Mr. Fernando Collor de Mello, President of Brazil;
Mr. Boutros Ghali, Secretary General of the United Nations;
An important biological species is endangered due to the accelerated and progressive destruction of its natural living conditions: man.
We are becoming aware of this problem only now when it is almost too late to tackle it.
It is worthwhile indicating that the main responsibility for the brutal destruction of the environment lies with the consumer societies. They are the offspring of the old colonial metropolises and of imperialist policies that also begot the poverty and backwardness which are today the scourge of the overwhelming majority of humanity.
These societies, with only 20 percent of the world population, consume two-thirds of the metals and three-fourths of the energy produced in the world. They have poisoned oceans and rivers and contaminated the air; they have weakened and opened holes in the ozone layer and saturated the atmosphere with gases that impair climate conditions with catastrophic effects that we are starting to feel.
Forests are disappearing and deserts growing while billions of tons of fertile soil end up in the oceans every year. Numerous species face extinction. Overpopulation and poverty lead to desperate efforts for survival, even at the expense of Nature. The Third World nations cannot be held accountable for this, for only yesterday they were colonies and today they are still exploited and plundered by an unjust world economic order.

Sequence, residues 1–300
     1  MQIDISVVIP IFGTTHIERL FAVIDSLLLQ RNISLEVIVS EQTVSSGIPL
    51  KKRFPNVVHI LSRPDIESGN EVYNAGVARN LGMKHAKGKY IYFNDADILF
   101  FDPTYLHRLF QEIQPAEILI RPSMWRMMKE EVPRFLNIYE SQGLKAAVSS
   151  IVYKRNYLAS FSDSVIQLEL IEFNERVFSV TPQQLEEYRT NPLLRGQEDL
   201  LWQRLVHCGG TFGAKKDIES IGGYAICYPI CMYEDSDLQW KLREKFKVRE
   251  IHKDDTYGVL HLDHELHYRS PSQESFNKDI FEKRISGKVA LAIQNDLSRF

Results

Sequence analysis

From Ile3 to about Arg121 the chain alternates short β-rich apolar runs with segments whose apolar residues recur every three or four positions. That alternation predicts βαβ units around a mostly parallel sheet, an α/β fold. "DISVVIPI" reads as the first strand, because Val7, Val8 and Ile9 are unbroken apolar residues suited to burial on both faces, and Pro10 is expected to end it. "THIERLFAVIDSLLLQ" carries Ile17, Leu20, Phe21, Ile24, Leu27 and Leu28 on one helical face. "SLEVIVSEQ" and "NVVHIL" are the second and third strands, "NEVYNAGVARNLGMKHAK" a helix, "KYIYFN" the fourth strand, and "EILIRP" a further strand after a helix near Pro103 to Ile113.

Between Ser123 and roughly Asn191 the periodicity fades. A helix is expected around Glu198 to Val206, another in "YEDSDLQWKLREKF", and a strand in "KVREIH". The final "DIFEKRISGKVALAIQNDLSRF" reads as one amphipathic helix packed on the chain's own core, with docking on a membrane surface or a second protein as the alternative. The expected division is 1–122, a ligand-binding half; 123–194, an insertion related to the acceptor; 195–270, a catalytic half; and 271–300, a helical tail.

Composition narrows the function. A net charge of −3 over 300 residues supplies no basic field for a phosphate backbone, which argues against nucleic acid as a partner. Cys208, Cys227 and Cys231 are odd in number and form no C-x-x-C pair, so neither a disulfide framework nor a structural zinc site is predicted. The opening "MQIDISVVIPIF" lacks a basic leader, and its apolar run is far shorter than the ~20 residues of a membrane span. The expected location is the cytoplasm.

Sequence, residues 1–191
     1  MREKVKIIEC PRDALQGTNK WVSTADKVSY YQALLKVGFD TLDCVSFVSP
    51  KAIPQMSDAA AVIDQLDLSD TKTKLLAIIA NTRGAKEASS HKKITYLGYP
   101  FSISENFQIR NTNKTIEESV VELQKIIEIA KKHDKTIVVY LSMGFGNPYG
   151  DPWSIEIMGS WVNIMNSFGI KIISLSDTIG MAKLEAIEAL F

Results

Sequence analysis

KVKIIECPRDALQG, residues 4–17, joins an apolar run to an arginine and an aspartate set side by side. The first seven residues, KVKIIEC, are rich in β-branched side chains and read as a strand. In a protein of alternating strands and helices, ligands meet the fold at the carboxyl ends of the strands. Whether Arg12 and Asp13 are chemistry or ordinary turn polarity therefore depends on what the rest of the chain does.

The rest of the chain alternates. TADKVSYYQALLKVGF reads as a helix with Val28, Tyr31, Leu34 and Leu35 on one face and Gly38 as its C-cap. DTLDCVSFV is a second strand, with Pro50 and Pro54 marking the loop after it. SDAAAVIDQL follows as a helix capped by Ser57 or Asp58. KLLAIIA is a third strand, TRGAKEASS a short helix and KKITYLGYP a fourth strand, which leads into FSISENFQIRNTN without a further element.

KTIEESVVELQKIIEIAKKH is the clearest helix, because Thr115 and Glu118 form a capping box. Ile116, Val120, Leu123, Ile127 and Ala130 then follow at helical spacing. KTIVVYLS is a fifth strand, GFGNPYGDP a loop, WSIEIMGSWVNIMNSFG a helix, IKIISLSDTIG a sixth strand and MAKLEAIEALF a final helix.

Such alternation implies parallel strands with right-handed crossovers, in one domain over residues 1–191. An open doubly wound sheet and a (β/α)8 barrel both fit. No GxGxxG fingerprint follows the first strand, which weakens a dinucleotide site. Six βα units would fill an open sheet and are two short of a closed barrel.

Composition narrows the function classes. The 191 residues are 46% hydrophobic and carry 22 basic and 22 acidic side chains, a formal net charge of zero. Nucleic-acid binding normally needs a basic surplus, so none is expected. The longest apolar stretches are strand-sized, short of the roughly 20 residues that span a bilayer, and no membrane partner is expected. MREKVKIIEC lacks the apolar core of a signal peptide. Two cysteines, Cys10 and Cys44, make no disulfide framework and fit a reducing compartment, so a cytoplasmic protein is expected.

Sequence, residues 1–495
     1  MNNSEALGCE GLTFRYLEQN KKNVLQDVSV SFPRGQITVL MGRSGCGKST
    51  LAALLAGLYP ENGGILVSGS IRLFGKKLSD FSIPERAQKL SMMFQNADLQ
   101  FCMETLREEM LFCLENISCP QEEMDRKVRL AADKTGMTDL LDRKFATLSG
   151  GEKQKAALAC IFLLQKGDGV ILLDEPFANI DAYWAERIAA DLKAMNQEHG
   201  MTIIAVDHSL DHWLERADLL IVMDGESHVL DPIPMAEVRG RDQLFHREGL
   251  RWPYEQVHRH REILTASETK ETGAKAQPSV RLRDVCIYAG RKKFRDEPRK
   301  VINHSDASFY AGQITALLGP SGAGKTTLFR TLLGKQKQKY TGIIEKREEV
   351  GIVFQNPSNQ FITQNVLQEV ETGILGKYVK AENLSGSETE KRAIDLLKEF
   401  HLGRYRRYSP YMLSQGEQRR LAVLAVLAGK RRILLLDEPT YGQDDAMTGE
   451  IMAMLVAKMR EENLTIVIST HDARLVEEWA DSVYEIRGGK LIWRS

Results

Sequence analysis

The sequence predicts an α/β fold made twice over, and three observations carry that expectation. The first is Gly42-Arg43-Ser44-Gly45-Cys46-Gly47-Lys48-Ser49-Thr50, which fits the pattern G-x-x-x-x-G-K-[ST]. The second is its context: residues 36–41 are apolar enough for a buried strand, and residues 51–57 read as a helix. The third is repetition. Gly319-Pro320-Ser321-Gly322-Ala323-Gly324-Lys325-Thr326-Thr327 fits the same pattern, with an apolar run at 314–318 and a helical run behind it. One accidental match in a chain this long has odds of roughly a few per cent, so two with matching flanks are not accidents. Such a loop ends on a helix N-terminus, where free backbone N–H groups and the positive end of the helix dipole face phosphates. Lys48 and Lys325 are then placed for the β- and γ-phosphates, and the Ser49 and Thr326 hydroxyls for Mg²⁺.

The solution cannot be to put off the development of those who need it most. The truth is that everything that today contributes to underdevelopment and poverty is tantamount to a flagrant attack on the ecology. As a result, tens of millions of men, women and children perish every year in the Third World, far more than in each of the two world wars.
The unequal terms of trade, protectionism and the foreign debt are also an assault on the ecology and facilitate the destruction of the environment.
A better distribution of wealth and of the technologies available in the world could spare humanity such devastation. Less luxury and waste in a few countries could bring about a reduction of poverty and hunger in a large part of the planet.
Let’s put an end to the transfer of lifestyles and consumer habits to the Third World that ruin the environment. Let human life be more rational. Let a just international economic order be implemented. Let science work toward a sustainable development without contamination. Let the ecologic debt be paid and not the foreign debt. Let hunger disappear and not man.
Now that the alleged threat of communism no longer exists, neither the pretexts for cold wars, the arms race nor military expenditures, what prevents the immediate use of those resources to foster development in the Third World and to thwart the planet’s ecologic destruction?
Let selfishness and hegemonism cease, as well as callousness, recklessness and deceit. Tomorrow it will be too late to do what should have been done a long time ago.